A recent article in the New York Times said that the most important amenity for travelers was not plush towels, not chocolates on the bed nor even free wi-fi it was with apologies to Captain Kirk the need for – MORE POWER. Yes that unseen current electricity was the most important amenity. And like Mr. Scott we always deliver.
In this era of cell phones, digital cameras, laptops, netbooks, notepads and all other things electronic one of the questions I get asked a lot is – Is there power in the bush? I could answer that in a philosophical manner about the power of being out in the middle of nowhere being a part of the circle of life but I know that is not what is meant. People want to know if and where can they plug in.
The answer to the first question is of course! But where does the power come from in the middle of the bush? Is it generated by trained monkeys pedaling bikes hooked up to a generator? Cheetahs running on a treadmill?
Nope, but there is power. At night most of the camps and lodges run a generator for power for several hours. And as our hosts are always accommodating they set up a charging station usually in the dining hall (see attached photo and you will know why most people want to get to the charging area early).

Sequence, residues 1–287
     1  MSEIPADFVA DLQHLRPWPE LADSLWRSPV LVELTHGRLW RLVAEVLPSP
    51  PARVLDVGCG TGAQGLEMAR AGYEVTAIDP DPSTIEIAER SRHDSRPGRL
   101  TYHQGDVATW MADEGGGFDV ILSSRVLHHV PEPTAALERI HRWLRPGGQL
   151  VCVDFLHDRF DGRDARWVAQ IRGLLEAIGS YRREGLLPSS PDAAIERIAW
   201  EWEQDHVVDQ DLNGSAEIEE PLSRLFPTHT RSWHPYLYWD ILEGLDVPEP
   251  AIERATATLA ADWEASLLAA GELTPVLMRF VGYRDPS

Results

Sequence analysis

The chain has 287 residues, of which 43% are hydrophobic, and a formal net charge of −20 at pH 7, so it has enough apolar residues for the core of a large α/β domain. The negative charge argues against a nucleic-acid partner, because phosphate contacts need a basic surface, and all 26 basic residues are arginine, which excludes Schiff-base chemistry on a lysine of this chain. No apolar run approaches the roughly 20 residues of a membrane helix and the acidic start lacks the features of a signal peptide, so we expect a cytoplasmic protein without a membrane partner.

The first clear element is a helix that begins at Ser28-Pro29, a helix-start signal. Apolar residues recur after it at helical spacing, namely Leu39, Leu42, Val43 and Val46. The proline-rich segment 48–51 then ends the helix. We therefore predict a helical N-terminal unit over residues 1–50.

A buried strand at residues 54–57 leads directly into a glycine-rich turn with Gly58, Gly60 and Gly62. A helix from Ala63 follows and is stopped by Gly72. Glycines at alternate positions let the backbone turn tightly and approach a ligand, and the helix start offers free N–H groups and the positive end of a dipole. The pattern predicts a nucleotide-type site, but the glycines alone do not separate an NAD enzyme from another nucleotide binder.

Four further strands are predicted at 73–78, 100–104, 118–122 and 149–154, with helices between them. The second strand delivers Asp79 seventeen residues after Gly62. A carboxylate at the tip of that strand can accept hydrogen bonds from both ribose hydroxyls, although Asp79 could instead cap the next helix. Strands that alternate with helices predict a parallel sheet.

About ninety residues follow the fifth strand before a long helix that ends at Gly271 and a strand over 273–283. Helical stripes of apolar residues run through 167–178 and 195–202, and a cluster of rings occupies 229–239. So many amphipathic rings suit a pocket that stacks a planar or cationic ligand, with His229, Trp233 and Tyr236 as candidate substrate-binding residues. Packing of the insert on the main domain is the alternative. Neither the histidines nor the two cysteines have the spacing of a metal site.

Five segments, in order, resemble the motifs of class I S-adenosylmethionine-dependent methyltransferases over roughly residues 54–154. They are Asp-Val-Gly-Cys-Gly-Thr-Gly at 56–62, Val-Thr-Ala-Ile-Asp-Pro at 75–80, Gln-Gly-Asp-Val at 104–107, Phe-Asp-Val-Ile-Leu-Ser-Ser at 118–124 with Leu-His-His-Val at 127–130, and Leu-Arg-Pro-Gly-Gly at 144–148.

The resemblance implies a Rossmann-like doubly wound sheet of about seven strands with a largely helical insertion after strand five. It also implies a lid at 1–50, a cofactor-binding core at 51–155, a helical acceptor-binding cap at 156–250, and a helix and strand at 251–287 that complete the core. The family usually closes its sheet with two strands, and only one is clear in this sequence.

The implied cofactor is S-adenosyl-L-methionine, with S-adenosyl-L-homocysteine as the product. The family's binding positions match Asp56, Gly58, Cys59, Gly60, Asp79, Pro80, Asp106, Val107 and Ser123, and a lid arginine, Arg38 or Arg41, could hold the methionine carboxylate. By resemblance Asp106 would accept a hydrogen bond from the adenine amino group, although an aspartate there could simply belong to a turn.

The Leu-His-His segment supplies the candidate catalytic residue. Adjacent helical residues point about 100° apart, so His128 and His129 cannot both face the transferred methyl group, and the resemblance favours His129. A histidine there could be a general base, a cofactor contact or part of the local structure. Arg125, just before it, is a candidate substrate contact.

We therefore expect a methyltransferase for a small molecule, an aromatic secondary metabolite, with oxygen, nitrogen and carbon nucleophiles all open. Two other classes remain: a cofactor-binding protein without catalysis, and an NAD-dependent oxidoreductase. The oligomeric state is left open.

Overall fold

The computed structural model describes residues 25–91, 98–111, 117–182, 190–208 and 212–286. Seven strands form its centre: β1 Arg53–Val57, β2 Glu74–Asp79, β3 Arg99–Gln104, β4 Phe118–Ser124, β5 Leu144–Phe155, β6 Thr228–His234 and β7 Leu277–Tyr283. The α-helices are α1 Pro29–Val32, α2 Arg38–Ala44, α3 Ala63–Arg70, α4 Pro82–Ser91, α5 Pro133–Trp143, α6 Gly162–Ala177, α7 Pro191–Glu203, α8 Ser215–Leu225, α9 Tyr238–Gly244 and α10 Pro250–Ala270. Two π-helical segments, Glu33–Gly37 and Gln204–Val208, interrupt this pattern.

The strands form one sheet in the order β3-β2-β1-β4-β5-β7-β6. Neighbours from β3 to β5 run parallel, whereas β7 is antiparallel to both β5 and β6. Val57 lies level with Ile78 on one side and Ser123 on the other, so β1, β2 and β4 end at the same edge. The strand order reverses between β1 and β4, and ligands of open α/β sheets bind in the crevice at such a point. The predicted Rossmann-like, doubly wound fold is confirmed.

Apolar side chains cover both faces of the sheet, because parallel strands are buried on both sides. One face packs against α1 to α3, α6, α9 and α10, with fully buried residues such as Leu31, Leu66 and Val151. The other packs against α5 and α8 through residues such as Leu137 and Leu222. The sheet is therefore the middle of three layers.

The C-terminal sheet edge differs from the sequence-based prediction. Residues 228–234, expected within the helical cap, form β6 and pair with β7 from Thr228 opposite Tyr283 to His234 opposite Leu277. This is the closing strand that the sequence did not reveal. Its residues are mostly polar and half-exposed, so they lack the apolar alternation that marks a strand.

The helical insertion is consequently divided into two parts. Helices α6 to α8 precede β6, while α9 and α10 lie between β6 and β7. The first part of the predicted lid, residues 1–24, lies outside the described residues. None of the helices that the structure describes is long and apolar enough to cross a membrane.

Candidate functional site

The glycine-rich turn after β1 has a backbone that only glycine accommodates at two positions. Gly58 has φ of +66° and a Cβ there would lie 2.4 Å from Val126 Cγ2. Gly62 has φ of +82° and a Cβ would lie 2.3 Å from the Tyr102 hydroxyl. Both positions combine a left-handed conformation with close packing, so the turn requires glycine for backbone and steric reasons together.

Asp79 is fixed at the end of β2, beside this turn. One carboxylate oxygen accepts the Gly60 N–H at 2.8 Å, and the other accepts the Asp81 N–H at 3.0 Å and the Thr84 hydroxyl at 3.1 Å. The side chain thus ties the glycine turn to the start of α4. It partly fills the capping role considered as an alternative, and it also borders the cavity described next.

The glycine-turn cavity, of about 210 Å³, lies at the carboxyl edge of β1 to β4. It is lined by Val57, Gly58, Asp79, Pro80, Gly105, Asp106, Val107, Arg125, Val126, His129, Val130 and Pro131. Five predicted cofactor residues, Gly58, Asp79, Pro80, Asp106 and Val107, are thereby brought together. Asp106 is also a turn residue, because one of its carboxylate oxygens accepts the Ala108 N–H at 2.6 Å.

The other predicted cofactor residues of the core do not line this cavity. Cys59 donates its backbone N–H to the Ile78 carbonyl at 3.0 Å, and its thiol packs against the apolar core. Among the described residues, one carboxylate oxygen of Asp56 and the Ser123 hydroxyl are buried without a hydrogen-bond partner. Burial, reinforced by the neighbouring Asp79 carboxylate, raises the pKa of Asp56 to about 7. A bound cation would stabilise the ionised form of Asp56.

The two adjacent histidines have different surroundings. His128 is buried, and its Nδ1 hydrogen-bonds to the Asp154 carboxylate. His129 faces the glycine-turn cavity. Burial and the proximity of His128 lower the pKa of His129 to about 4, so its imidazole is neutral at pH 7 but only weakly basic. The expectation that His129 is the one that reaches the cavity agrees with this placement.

But we have in most of our vehicles electric inverters that take the 12volt DC power from the car and convert it into 110 electricity that we are used to plugging into. Thus while you are going Ooh and Ahh at that Mother elephant and baby your cell phone or for those on the cutting edge your IPad are charging.
I have also recently obtained a solar charger and am working on using that too. I will give you a report soon on how that system is working.
No matter what – you will never be powerless in the bush.